In his report, former Special Representative of the Secretary-General (SRSG) on Migration Mr. Peter Sutherland called for improving data for fact-based migration policies and accountability by offering various avenues to get to better data, monitoring and reporting on migration (recommendation no. 12). He also called for the establishment of a financing facility for migration to ensure that all States are equipped to fulfil the migration-related commitments emanating from the 2030 Agenda and Global Compact for Migration, a proposal that was endorsed by the Special Rapporteur on the human rights of migrants in his recent report.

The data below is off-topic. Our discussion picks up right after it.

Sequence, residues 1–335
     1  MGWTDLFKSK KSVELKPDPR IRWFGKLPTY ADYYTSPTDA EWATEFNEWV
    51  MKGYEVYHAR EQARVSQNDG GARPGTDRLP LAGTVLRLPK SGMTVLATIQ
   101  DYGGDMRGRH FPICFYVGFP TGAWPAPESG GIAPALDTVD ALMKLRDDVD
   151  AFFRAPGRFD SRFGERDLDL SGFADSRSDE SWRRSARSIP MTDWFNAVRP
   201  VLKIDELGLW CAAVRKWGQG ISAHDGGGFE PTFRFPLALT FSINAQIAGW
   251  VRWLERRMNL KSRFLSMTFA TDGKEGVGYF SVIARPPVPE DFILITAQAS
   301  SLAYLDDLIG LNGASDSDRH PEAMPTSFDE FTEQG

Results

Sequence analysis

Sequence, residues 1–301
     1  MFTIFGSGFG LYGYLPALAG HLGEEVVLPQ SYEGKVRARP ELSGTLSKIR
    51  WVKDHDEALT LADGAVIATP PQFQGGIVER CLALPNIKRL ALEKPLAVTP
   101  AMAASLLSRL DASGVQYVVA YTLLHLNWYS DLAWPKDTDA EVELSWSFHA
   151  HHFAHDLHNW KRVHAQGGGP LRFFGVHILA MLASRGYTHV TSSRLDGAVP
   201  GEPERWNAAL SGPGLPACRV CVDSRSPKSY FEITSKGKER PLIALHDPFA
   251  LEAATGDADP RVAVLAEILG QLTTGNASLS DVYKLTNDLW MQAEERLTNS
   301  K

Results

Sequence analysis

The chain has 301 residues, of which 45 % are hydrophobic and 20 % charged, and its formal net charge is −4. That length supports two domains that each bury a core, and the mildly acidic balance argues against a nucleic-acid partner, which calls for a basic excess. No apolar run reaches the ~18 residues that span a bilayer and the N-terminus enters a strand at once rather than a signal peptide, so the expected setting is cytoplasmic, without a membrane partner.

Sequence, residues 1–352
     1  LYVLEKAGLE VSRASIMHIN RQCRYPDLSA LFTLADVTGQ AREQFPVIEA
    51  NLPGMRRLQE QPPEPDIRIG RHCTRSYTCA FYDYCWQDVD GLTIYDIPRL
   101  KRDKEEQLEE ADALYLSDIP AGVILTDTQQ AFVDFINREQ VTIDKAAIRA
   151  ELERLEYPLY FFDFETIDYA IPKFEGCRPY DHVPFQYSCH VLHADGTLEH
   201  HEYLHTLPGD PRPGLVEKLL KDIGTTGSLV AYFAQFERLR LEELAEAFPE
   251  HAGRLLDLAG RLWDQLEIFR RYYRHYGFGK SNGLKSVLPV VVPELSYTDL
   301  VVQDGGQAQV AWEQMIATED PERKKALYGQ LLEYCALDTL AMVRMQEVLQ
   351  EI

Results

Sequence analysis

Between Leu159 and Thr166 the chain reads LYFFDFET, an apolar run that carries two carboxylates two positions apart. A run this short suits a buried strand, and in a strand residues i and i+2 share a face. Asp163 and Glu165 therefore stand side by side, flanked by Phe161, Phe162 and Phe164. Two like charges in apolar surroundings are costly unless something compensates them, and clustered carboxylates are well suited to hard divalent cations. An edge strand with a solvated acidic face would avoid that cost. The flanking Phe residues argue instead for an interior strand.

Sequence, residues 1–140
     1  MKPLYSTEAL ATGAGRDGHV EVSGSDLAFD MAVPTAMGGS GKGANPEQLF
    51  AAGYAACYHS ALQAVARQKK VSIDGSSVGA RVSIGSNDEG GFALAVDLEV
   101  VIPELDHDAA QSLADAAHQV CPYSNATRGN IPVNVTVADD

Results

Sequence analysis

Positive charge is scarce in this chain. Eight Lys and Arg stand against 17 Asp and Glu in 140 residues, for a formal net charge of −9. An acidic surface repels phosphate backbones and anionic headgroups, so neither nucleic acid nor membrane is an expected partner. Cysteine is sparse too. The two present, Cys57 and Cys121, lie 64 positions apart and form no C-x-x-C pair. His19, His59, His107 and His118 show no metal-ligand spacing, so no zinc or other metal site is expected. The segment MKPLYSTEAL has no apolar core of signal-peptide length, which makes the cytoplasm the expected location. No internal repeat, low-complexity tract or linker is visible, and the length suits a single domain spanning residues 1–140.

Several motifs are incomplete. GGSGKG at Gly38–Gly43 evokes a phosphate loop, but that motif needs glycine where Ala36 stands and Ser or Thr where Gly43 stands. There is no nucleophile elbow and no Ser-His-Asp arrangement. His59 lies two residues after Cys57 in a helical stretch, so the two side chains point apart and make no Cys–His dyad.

While some basic migration concepts have been well defined for purposes of statistical measurement, some terms used in today’s migration policy discussions, such as return migration, circular migration or diaspora, remain poorly defined. Defining and understanding basic concepts employed in measuring migration is essential for an informed, fact-based discussion of the realities of international migration. This blog provides five key recommendations to improve migration data based on the main data sources and indicators1.
Sources of Migration Data
Click on the below infographic to make it interactive.